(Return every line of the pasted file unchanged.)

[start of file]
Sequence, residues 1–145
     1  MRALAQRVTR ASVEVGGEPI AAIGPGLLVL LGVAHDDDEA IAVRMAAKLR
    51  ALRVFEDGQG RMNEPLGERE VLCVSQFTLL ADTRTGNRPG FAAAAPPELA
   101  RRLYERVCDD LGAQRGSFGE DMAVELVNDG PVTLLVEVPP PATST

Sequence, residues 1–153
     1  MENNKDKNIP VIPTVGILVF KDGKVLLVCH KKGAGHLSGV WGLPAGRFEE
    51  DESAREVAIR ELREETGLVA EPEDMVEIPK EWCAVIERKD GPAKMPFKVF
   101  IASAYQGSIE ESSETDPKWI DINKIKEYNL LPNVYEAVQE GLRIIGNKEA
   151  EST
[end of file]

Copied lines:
Sequence, residues 1–145
     1  MRALAQRVTR ASVEVGGEPI AAIGPGLLVL LGVAHDDDEA IAVRMAAKLR
    51  ALRVFEDGQG RMNEPLGERE VLCVSQFTLL ADTRTGNRPG FAAAAPPELA
   101  RRLYERVCDD LGAQRGSFGE DMAVELVNDG PVTLLVEVPP PATST

Sequence, residues 1–153
     1  MENNKDKNIP VIPTVGILVF KDGKVLLVCH KKGAGHLSGV WGLPAGRFEE
    51  DESAREVAIR ELREETGLVA EPEDMVEIPK EWCAVIERKD GPAKMPFKVF
   101  IASAYQGSIE ESSETDPKWI DINKIKEYNL LPNVYEAVQE GLRIIGNKEA
   151  EST